[Python-Dev] Add transform() and untranform() methods

Nick Coghlan ncoghlan at gmail.com
Sat Nov 16 10:44:51 CET 2013

On 16 Nov 2013 10:47, "Victor Stinner" <victor.stinner at gmail.com> wrote:
> 2013/11/16 Nick Coghlan <ncoghlan at gmail.com>:
> > To address Serhiy's security concerns with the compression codecs (which are
> > technically independent of the question of restoring the aliases), I also
> > plan to document how to systematically blacklist particular codecs in an
> > application by setting attributes on the encodings module and/or appropriate
> > entries in sys.modules.
> I would be simpler and safer to blacklist bytes=>bytes and str=>str
> codecs from bytes.decode() and str.encode() directly. Marc Andre
> Lemburg proposed to add new attributes in CodecInfo to specify input
> and output types.

Yes, but that type compatibility introspection is a change for 3.5 at
the earliest (although I commented on
http://bugs.python.org/issue19619 with two alternate suggestions that
I think would be reasonable to implement for 3.4).

Everything codec related that I am doing at the moment is about
improving the state of 3.4 and source compatible 2/3 code. Proposals
for further 3.5+ only improvements are relevant only in the sense that
I don't want to lock us out from future improvements (which is why my
main aim is to clarify the status quo, with the only functional
changes related to restoring feature parity with Python 2 for
non-Unicode codecs).

> > The only functional *change* I'd still like to make for 3.4 is to restore
> > the shorthand aliases for the non-Unicode codecs (to ease the migration for
> > folks coming from Python 2), but this thread has convinced me I likely need
> > to write the PEP *before* doing that, and I still have to integrate
> > ensurepip into pyvenv before the beta 1 deadline.
> >
> > So unless you and Victor are prepared to +1 the restoration of the codec
> > aliases (closing issue 7475) in anticipation of that codecs infrastructure
> > documentation PEP, the change to restore the aliases probably won't be in
> > 3.4. (I *might* get the PEP written in time regardless, but I'm not betting
> > on it at this point).
> Using StackOverflow search engine, I found some posts where people
> asks for "hex" codec on Python 3. There are two answers: use binascii
> module or use codecs.encode(). So even if codecs.encode() was never
> documented, it looks like it is used. So I now agree that documenting
> it would not make the situation worse.

Aye, that was my conclusion (hence my proposal on issue 7475 back in April).

Can I take that observation as a +1 for restoring the aliases as well?
(That and more efficiently rejecting the non-Unicode codecs from
str.encode, bytes.decode and bytearray.decode are the only aspects of
this subject to the beta 1 deadline - we can be a bit more leisurely
when it comes to working out the details of the docs updates)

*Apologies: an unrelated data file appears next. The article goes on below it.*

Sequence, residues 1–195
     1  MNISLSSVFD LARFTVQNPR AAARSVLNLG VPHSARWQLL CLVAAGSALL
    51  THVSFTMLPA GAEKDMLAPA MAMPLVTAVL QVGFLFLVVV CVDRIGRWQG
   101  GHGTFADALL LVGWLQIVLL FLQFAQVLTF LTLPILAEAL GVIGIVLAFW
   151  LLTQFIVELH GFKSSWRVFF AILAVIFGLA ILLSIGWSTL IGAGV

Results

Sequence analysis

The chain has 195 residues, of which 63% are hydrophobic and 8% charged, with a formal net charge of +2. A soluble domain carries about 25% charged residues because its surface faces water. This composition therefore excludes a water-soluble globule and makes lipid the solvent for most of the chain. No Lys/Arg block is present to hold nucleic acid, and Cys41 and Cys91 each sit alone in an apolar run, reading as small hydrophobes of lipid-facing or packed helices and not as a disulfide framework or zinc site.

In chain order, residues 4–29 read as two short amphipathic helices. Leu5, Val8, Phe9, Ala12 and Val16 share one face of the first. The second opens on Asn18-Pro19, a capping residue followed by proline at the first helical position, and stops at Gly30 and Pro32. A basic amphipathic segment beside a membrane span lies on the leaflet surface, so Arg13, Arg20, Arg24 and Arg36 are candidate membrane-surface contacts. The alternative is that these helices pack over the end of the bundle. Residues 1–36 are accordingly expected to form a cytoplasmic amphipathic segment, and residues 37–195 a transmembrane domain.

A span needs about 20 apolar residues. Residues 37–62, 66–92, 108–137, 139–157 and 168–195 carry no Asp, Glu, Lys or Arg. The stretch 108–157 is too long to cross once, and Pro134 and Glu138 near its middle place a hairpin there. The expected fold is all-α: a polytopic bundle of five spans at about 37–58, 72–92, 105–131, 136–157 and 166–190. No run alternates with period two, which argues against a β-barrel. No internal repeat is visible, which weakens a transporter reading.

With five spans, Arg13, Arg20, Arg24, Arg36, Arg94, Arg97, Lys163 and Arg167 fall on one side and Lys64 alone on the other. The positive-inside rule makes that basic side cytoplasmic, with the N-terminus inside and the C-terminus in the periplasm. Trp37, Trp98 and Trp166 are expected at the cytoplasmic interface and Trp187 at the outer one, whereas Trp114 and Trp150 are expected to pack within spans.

> Adding transform()/untransform() method to bytes and str is a non
> trivial change and not everybody likes them. Anyway, it's too late for
> Python 3.4.
> In my opinion, the best option is to add new input_type/output_type
> attributes to CodecInfo right now, and modify the codecs so
> "abc".encode("hex") raises a LookupError (instead of tricky error
> message with some evil low-level hacks on the traceback and the
> exception, which is my initial concern in this mail thread). It fixes
> also the security vulnerability.

The C level code for catching the input type errors only looks evil because:

- the C level equivalent of "exception Exception as Y: raise X from Y"
is just plain ugly in the first place
- the chaining includes a *lot* of checks of the original exception to
ensure that no data is lost by raising a new instance of the same
exception Type and chaining
- it chains ValueError, AttributeError and any other currently
stateless (aside from a str description) error the codec might throw,
not just input type validation errors (it deliberately doesn't chain
stateful errors as doing so might be backwards incompatible with
existing error handling).

However, the ugliness of that code is the reason I'm intrigued by the
possibility of traceback annotations as a potentially cleaner solution
than trying to seamlessly wrap exceptions with a new one that adds
more context information. While I think the gain in codec
debuggability is worth it in this case, my concern over the complexity
and the current limitations are the reason I didn't make it a public C

> To keep backward compatibility (even with custom codecs registered
> manually), if input_type/output_type is not defined, we should
> consider that the codec is a classical text encoding (encode
> str=>bytes, decode bytes=>str).

Without an already existing ByteSequence ABC , it isn't feasible to
propose and implement this completely in the 3.4 time frame (since you
would need such an ABC to express the input type accepted by our
Unicode and binary codecs - the only one that wouldn't need it is
rot_13, since that's str->str).

However, the output types could be expressed solely as concrete types,
and that's all we need for the blacklist (since we could replace the
current instance check on the result with a subclass check on the
specified output type (if any) prior to decoding.


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